In Youth Connections Magazine… “Decisions, Decisions… How Can We Prepare Our Children to Make Responsible Choices?”
For the Youth Connections Magazine’s summer issue, we are discussing how you promote responsible decision-making skills in our children and teens. The article offers some guidance on children’s developing sense of what to base their choices on, how parents can support that development along with specific age/stage tips for promoting this essential life skill. Here’s how it begins…
“Decisions, Decisions…How Can We Prepare Our Children to Make Responsible Choices?”
“I don’t like playing anymore, but all my friends are joining the team again,” relays my eleven-year-old son, Ethan, voicing his debate over whether to commit to another season of baseball. He has played for a number of years cultivating valuable friendships along the way. But, as he’s grown, the coaches, parents, and kids alike have become more competitive. And so too has the pressure. Ethan has enjoyed the game less as the emphasis on performance has increased. This spring, he was faced with the challenging decision: Do I continue to do something I’ve always done because my friends expect me to or do I follow my interests and motivation?
Children are at the very beginning stages of developing decision-making skills. They grow from basing decisions on chance with games like “Rock, Paper, Scissors” or “Eeny, Meeny, Miny, Moe” to weighing pros and cons like whether to rejoin a baseball team that’s grown stressful. Then, in the teen years, youth face tempting risks like whether to follow peer pressure to try alcohol despite the fact that most parents — as confirmed in a recent survey of Montana parents — disapprove of underage drinking. Children will increasingly have to decide when to accommodate friends, when to assert their needs, when to show care for others, and when and how they should think ahead about consequences that might result from their actions.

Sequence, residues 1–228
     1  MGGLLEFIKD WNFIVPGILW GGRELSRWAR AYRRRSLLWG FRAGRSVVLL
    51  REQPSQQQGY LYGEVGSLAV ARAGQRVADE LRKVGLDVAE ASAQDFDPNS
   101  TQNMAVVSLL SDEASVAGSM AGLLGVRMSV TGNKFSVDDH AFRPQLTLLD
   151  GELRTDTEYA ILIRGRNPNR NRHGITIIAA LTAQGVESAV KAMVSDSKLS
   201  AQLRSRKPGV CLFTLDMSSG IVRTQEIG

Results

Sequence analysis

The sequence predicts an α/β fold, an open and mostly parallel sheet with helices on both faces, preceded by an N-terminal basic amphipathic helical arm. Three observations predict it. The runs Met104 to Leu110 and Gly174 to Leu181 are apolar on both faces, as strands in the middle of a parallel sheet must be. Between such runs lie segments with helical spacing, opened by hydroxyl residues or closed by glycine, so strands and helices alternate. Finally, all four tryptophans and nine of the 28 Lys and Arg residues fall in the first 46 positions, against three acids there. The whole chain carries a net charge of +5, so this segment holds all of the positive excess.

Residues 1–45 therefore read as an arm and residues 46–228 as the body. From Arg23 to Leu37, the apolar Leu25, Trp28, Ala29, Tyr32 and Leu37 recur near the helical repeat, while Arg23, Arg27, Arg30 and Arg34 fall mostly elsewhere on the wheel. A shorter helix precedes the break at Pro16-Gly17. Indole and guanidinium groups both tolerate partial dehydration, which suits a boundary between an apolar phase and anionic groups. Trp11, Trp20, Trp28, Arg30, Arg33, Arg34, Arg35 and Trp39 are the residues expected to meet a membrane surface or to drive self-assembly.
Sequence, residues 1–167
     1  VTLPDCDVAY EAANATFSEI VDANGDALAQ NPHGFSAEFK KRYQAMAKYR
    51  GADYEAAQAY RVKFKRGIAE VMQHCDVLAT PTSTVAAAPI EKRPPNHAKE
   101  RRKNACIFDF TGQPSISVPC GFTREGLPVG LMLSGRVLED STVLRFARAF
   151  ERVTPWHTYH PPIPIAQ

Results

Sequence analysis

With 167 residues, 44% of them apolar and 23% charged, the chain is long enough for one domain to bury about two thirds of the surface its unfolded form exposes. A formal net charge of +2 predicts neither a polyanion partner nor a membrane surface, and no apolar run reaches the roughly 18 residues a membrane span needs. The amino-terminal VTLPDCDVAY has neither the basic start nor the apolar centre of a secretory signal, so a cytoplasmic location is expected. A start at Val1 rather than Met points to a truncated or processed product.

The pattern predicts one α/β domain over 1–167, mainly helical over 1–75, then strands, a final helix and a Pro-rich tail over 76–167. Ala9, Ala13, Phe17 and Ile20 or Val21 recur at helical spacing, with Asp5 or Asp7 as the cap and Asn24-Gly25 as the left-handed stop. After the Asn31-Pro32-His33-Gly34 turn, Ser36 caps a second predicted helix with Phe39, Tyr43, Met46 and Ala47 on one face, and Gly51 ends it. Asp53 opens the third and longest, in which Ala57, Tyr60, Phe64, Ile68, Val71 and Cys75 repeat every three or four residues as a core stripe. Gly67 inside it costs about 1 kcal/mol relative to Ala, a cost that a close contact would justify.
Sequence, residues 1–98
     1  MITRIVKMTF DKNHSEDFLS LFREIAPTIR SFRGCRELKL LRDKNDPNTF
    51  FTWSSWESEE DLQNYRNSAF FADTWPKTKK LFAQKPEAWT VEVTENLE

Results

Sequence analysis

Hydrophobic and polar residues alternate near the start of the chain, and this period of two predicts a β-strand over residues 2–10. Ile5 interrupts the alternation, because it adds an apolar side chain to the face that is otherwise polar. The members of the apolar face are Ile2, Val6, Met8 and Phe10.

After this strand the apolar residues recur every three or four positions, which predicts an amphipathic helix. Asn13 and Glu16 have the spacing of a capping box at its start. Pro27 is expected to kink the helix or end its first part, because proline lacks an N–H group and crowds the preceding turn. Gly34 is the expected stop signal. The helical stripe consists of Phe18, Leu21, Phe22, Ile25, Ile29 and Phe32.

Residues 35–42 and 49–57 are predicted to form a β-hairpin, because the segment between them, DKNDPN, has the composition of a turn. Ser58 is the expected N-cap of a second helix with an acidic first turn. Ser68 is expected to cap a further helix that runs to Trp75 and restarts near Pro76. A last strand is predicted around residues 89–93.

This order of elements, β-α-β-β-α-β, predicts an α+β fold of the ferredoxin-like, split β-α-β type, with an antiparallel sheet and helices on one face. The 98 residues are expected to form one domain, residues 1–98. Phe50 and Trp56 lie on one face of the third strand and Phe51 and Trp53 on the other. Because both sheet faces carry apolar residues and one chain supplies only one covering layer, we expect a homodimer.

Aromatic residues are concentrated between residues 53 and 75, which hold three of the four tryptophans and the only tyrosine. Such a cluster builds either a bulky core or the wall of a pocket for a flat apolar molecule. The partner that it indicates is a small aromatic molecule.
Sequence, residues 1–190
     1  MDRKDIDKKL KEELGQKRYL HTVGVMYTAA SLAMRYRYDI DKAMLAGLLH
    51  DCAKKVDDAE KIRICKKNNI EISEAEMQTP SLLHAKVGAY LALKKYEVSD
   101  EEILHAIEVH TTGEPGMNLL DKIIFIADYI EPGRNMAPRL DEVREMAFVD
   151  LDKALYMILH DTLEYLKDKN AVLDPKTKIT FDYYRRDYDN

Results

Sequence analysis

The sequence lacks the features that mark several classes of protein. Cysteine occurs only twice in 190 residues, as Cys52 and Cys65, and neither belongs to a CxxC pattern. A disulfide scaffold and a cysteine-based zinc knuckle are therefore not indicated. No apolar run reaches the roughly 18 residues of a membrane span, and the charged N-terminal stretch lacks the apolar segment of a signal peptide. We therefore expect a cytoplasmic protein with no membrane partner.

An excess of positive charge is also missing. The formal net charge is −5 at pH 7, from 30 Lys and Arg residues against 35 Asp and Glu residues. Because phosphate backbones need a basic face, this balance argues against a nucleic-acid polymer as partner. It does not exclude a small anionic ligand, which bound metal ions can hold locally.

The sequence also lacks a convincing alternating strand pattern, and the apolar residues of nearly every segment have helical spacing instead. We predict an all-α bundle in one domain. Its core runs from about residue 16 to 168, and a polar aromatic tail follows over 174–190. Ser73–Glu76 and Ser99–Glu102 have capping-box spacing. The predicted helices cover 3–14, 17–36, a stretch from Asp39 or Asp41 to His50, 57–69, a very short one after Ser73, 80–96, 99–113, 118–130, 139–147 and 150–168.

Young children rely on adults to establish and enforce the rules. Their central concern focuses on their own safety and secure attachment to their parents and educators. But, by the age of nine, children move to the next stage of moral development in which the care of others and their social relationships takes priority. This is also a time when children begin inventing their own rules among their peers through games. They weigh social values when decision making like belonging to a friend group, contributing to a team, or meeting parent and teacher expectations.
Also, do check out the https://parentingmontana.org site which contains guidance for each age/stage around hot topic issues like dealing with anger, bullying, making friends, managing homework, dealing with stress and more.